First published on 22 Apr 2012. Updated on 24 Apr 2012.
Arthur Lowery is a renaissance man in the modern sense. Since 2010, his latest feat has been leading a Monash University A-team in the development of a bionic eye using a cortical implant – a surgical electronic implanted device that allows the blind to see.
With all test reports coming up positive, it hopefully won’t be long before guide dogs are put into an early retirement and walking canes are something of the past.
Professor Lowery, for us non-science folk, can you explain how the microchips work?
The bionic vision system works by taking a camera's output, then using software to extract the most important features for a particular task. The processes signals are sent by a wireless link to the implants, which decode them and send currents to tiny electrodes penetrating into the surface of the brain. These currents stimulate the neurons in the brain to 'fire'. In a normal-sighted person the neurons would be firing due to signals coming from the eye, so we are tricking the neurons into thinking they have received a true visual image.
How will this impact the blind?
Over 50,000 people in Australia are considered clinically blind. The number exceeds 160 million globally. These are early days, but even a simple picture with tens to hundreds of dots can convey significant information, especially if the picture is updated a few times a second. An example is a radar display – a few moving dots shows where things are, how fast they are moving, and in what direction they are moving.
Is it similar to the technology behind a computer screen?
The bionic vision prosthesis is like a tiny tile that sits on the surface of the brain. Electrodes on the tile stimulate the brain into seeing a picture, like the dots on a computer screen, but far fewer and in black and white.
How far have we come in this kind of technology?
Electronics is getting far more powerful, computationally, so what would have required a large PC 20 years ago requires a pocket-sized processor. Fantastic quality miniature cameras are also available, as are longer-lasting batteries and low-power electronics. The biological interface has not changed a lot, as we are working at the limits of material engineering, but new materials will be tested in the coming years for bio-compatibility, but this takes time.
And, how far off are we in using the bionic chip?
Monash University is leading a project with partners Grey Innovation, MiniFAB and the Alfred Hospital. We have a very focussed project to develop bionic vision based on brain implants, and we are aiming for the first human trial by April 2014.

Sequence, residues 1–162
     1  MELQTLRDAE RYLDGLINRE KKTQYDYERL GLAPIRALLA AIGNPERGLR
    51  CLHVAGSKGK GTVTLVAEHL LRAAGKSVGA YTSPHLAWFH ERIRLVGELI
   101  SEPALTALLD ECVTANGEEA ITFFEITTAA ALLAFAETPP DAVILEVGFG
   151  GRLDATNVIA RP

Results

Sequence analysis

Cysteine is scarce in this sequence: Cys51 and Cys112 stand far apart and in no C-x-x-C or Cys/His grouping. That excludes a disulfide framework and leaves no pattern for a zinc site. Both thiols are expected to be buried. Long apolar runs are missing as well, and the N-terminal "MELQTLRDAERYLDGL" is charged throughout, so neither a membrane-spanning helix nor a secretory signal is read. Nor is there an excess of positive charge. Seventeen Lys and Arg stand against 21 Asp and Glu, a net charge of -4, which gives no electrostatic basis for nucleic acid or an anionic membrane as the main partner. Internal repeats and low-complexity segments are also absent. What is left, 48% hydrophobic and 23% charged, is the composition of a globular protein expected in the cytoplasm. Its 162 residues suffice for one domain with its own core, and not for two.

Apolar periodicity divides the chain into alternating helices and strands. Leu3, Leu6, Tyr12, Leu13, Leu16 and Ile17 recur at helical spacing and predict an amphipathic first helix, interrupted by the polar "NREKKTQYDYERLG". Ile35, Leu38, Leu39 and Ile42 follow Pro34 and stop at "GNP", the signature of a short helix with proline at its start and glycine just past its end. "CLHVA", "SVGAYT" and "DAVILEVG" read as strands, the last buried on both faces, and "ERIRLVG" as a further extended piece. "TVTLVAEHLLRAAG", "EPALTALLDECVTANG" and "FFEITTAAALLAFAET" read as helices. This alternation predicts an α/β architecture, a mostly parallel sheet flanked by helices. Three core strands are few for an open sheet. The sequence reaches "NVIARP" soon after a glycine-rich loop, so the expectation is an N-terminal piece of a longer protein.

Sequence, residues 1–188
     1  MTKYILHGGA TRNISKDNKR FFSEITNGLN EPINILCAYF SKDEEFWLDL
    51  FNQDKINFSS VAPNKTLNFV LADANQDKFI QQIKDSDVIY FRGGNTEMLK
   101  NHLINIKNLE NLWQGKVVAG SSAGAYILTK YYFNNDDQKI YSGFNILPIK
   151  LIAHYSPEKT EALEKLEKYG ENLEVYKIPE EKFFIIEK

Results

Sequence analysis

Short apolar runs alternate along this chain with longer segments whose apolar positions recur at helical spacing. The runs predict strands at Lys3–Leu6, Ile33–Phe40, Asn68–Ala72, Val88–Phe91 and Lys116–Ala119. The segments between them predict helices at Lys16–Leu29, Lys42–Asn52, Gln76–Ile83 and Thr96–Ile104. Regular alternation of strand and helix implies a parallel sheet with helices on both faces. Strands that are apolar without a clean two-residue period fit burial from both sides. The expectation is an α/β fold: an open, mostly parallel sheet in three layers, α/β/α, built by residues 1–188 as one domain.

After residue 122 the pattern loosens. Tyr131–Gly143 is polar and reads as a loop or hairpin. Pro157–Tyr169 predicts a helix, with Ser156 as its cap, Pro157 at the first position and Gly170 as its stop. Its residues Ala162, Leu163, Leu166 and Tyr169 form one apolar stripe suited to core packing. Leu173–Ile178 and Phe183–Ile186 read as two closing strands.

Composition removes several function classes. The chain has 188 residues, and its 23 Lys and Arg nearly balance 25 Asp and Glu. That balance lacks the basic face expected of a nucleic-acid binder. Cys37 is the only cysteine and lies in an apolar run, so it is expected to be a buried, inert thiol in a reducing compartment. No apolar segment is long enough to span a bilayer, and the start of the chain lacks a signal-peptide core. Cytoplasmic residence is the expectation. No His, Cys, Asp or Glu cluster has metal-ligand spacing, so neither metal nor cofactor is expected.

So where to from there?
We are basically making a miniaturised electronic system, part of which sits on the brain and is powered by the wireless link. The issues are miniaturisation. Fortunately electronics is good at this, at least for handheld devices, but the other challenge is working with the biology, as the body does not like implants.
Pretend it’s the year 2050. What do you predict in terms of bionic eye technology?
I think the quality will evolve as we develop new materials, and people will find ways to use this technology for more than vision.
How did you come to live in Melbourne?
I was born in Yorkshire, near where Captain Cook came from. We both found more interesting lives across the seas! I was actually offered a job while giving a talk at Bell labs on simulating photonic devices with computers.
How did you get involved in this research?
Before joining Monash I founded a company VPIsystems, which creates software for designing telecommunications systems, from laser diodes to broadband networks. Many of the innovations in telecommunications over the last 15 years have been developed using this software.
I have had a very long interest in electronics, stemming back to a battery and bells kit that I received for Christmas when I was four.
Battery and bells kit – that seems like an unusual gift to give to a child. What compelled your parents to give you this?
My father was a chemical engineer and likes building things, my mother was a teacher. I received lots of building toys, like wooden blocks with pegs, Meccano, train sets and some really nice electronics kits made by Philips. My aim was to make something complex that would behave in an unexpected way, but that tends to be difficult with most toys. Software programming comes close.
What else did you make?
I remember at six trying to make a device that would read cooking recipes to my grandmother, who could not see that well. I got as far as a box, a roll of paper and a lightbulb. My father said: "I think you will need something else in the box." Of course, now you would use a webcam, text recognition software, and a text-to-speech processor, but that was not available in the 1960s.
My first patent application was at 21. It was for a logic probe, which is a pencil-type device for checking voltages on circuits. The novelty was that it shone the indicator light onto the circuit, so your eye did not have to refocus from the probe tip to the indicator, which was usually at the other end to the tip.
My main contribution has been the development of software for designing telecommunications systems. I founded Virtual Photonics with my research fellow, Phil Gurney, in 1996 to commercialise this. It became VPIsystems, which designs communications systems around the world, but has also supplied the software used to design lasers and optical systems.